Gulf lease sale tanks

By all measures, yesterday’s Western Gulf lease sale was both ill-timed and an abject failure. The Bureau of Ocean Energy Management (BOEM) reported that the oil and gas lease sale for the Western Gulf of Mexico drew only $22.7 million in high bids for tracts on the U.S. Outer Continental Shelf offshore Texas.

Just a year ago, a similar Western Gulf lease sale attracted 14 bidding companies throwing out over $135 million in bids on 81 tracts, or approximately $1.67 million per tract. This year’s sale, at $687,000 per tract, generated an average bid-per-tract that was less than half of last year’s average.

Yesterday’s Lease Sale 246 offered 4,083 unleased blocks, covering about 21.9 million acres, located from nine to 250 nautical miles offshore in water depths ranging from 16 feet to more than 10,975 feet (five to 3,340 meters). Five offshore energy companies submitted 33 bids on 33 tracts, covering about 190,080 acres.

“While this sale reflects today’s market conditions and industry’s current development strategy, it underscores a steady, continued interest in developing deep water federal offshore oil and gas resources,” BOEM Director Abigail Ross Hopper said in a statement. Most of that interest, it appears, is from BHP Billiton, which made 26 bids, totaling more than $16 million, or 71% of the total money bid.

The sale failed for several reasons:

  • Oil prices hovering in the low-$40-bbl. range with little chance of significant recovery before 2017, according to most pundits, with natural gas prices similarly depressed.
  • Growing uncertainty over new and emerging rules and regulations governing offshore, and particularly deepwater, development and operations.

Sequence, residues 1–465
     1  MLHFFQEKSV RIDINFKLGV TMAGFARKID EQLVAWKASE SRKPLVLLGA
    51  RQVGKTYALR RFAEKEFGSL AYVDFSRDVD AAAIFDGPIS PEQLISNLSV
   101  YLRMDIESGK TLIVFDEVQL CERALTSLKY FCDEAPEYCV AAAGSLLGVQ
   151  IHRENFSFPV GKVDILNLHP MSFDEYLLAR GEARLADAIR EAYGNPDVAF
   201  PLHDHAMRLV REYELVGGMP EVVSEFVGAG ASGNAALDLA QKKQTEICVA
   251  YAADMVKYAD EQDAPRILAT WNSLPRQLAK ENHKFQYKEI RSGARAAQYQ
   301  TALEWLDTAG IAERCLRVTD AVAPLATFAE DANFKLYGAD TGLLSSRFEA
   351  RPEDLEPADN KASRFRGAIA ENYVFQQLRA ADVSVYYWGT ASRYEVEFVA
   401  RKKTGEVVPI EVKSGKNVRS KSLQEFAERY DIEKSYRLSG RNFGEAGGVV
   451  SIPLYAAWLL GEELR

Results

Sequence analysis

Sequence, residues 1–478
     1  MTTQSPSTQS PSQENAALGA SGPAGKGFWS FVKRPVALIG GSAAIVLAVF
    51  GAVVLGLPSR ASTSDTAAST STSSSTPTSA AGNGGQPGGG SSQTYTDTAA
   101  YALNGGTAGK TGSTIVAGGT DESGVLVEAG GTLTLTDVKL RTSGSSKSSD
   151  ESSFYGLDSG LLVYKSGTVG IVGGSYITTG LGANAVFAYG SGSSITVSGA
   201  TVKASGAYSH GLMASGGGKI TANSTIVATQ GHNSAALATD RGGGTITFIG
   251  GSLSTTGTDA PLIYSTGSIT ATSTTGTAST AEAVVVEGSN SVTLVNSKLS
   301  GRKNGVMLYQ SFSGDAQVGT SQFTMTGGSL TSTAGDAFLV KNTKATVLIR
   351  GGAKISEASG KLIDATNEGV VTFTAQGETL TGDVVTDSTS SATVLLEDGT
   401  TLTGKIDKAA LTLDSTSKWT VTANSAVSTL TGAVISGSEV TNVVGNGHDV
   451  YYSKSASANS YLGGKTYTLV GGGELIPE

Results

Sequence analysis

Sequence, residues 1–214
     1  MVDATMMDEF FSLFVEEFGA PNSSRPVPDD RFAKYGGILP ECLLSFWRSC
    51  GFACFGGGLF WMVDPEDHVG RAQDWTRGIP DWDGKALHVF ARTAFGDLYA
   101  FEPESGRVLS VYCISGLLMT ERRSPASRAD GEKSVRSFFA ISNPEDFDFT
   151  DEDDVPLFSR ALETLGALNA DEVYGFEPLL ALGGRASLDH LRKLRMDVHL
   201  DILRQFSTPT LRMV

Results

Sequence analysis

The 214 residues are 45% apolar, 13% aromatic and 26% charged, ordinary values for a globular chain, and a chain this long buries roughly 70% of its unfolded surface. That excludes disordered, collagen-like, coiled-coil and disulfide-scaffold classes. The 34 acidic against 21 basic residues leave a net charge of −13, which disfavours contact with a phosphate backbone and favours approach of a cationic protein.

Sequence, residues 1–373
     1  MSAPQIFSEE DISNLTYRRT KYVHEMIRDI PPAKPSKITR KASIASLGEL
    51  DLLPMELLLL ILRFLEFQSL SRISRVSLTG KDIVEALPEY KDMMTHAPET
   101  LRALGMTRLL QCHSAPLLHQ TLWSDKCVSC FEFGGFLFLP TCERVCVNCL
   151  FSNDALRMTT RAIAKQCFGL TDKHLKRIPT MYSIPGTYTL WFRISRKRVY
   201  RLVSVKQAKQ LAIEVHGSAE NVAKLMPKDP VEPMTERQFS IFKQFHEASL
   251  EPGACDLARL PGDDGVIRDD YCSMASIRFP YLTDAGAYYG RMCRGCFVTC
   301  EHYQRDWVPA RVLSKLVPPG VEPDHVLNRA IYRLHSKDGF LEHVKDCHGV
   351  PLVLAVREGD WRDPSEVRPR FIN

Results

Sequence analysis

• A higher percentage of tracts that operators considered less than prime.
  • Increasing organizational disruption as low oil and gas prices drive increasing M&A activities and burgeoning bankruptcies.

There are four more Gulf of Mexico lease sales scheduled under the 2012-2017 Lease Sale Program. A Draft Proposed Program, published in January of this year, schedules 10 addition sales in the three Gulf of Mexico lease planning areas from 2017–2022. By my math, that’s 14 GOM lease sales in the next seven years. The finalized 2017–2022 program won’t be released until next year. Maybe it is time to rethink that program while we still have time.

With more than two million bbls. a day of excess production in the world market, stagnating economies in major countries like China and Brazil, and rising production in the U.S. despite a significant drop in the rig count, do we really need to develop an important natural asset at a time when its value may be lower than at any time in the last four decades?

I’m voting no to that.

About the author

Dr. William J. Pike

Dr. William J. Pike has 45 years experience in the upstream oil and gas industry, including more than 20 years in oil and gas drilling and production operations, both onshore and offshore. He has worked in the U.S., Canada, Britain, Europe and Russia as a technical and economic advisor to the energy industries and various governmental agencies. Pike was editor-in-chief and editorial director for Hart Energy Publishing’s E&P magazine and was also the editor of the Journal of Petroleum Technology, the official publication of the Society of Petroleum Engineers. He holds a doctorate in energy economics from the University of Aberdeen in Scotland.

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